Beyond the specific mission, you should know the core purpose of your company—why it exists. What kind of contribution does your company make to enhance the well-being of your customers?

Your company’s purpose is very important. It is your real reason for being in business. Your belief in the goodness of your purpose is what enables you to persevere against external problems and difficulties. It is what motivates and inspires your people to put in the extra effort and go the extra mile.

As Nietzsche said, ‘‘A man can bear any what if he has a big enough why.’’

The ‘‘why’’ is the emotional component of leadership and is always defined in terms of how you and your organization serve and contribute to the lives and well-being of your customers. It is what your products or services actually do to improve their lives and work.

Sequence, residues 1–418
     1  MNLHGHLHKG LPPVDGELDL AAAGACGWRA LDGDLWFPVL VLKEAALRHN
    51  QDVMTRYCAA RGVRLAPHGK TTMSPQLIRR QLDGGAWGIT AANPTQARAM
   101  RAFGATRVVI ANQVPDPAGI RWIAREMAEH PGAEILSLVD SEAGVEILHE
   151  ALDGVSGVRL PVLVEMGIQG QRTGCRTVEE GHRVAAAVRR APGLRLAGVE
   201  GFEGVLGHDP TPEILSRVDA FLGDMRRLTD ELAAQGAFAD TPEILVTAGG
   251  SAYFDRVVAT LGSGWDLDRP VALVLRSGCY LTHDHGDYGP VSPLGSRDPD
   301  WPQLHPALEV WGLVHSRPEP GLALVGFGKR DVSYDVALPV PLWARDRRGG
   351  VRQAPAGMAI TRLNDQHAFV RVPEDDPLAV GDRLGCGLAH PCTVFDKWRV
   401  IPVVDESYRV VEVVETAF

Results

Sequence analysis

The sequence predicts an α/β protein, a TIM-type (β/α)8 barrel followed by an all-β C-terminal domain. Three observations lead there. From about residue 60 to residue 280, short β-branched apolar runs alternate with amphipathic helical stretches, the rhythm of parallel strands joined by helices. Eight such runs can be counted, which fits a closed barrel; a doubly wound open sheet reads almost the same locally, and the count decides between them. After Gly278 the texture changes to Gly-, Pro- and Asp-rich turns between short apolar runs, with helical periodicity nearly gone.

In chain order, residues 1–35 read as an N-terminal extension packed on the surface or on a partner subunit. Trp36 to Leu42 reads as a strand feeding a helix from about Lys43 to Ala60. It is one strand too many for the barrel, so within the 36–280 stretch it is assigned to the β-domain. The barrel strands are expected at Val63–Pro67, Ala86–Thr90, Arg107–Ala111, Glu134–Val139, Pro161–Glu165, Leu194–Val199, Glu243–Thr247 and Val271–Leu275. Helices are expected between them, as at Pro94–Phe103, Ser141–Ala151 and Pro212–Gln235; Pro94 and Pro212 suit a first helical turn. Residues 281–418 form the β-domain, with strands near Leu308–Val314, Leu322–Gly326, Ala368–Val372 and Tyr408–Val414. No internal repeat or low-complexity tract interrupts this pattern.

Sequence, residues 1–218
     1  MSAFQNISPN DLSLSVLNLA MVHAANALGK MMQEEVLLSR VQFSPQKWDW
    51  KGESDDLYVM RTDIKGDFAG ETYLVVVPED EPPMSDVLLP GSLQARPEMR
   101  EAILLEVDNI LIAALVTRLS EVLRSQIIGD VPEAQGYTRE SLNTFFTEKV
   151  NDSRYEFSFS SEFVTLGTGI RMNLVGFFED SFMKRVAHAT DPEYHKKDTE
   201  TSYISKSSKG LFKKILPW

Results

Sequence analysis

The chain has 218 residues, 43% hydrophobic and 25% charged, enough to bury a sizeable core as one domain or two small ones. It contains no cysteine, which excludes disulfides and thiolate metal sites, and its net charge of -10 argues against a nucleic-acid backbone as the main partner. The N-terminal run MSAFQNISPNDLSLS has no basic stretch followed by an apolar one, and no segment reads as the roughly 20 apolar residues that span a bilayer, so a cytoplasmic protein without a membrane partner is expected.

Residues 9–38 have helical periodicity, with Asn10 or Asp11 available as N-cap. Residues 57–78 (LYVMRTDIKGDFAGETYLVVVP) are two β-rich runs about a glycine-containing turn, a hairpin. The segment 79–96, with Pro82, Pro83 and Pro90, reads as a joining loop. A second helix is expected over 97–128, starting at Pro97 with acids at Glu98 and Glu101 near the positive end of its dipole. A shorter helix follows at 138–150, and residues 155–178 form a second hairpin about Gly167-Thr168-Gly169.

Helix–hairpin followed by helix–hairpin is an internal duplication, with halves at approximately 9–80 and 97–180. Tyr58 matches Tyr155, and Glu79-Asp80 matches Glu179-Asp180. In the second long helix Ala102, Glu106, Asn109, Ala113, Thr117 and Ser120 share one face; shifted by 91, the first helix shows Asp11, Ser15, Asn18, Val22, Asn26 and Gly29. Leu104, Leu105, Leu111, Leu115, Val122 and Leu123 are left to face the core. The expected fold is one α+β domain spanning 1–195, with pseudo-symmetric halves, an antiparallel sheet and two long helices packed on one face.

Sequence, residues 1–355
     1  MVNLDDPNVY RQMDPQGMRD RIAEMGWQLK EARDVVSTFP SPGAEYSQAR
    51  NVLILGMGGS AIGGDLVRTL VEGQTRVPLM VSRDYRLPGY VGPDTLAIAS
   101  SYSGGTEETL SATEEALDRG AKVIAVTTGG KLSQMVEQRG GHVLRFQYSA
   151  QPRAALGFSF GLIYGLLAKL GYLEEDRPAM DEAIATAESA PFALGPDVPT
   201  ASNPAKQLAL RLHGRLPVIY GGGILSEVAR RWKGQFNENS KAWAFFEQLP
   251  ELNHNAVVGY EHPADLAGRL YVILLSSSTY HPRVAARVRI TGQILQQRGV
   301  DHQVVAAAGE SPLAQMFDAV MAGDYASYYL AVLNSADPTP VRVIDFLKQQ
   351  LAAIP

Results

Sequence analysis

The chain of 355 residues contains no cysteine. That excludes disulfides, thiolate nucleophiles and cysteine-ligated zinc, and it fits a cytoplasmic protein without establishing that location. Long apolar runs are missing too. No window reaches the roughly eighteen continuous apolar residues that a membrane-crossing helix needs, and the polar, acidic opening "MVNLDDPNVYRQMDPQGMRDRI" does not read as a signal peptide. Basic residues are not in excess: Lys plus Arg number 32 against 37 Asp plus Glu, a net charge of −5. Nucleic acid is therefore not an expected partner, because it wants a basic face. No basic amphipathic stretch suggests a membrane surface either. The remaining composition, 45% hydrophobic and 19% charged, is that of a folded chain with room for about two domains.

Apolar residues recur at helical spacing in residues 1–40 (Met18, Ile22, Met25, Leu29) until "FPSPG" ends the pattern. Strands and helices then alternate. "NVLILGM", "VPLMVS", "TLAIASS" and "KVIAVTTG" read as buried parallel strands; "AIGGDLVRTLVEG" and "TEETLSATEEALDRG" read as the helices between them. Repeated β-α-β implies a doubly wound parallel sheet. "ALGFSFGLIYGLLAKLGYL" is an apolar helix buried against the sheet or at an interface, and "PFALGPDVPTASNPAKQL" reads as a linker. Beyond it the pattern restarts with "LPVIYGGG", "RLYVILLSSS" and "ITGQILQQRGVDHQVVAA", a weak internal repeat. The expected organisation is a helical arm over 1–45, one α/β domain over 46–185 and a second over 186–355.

Finally, leaders are goal-oriented. Set specific, measurable, time-bounded targets that you must hit and numbers that you must achieve in order to get from where you are to wherever you want to go in the future with your organization.

In every case, clarity is essential.

Perhaps the most important contribution you make to your organization in times of rapid change in competitive markets is to help everyone to remain calm, clear, focused, and forward-thinking concerning your values, vision, mission, purpose, and goals. This is the starting point of great leadership.

2. Courage: The Second Quality That Leaders Have in Common

‘‘Courage is rightly considered the foremost of the virtues, for upon it, all others depend.’’ (Winston Churchill)

General Douglas McArthur once wrote, ‘‘There is no security in life; only opportunity.’’

The quality of courage means that you are willing to take risks in the achievement of your goals with no assurance of success. Because there is no certainty in life or business, every commitment you make and every action you take entails a risk of some kind. This is why courage is the most identifiable outward quality of a great leader.

The fact is that the future belongs to the risk-takers, not the security-seekers. The future belongs to leaders who are willing to move out of their comfort zones and take the necessary risks that are required for the enterprise to survive and thrive in any economic situation.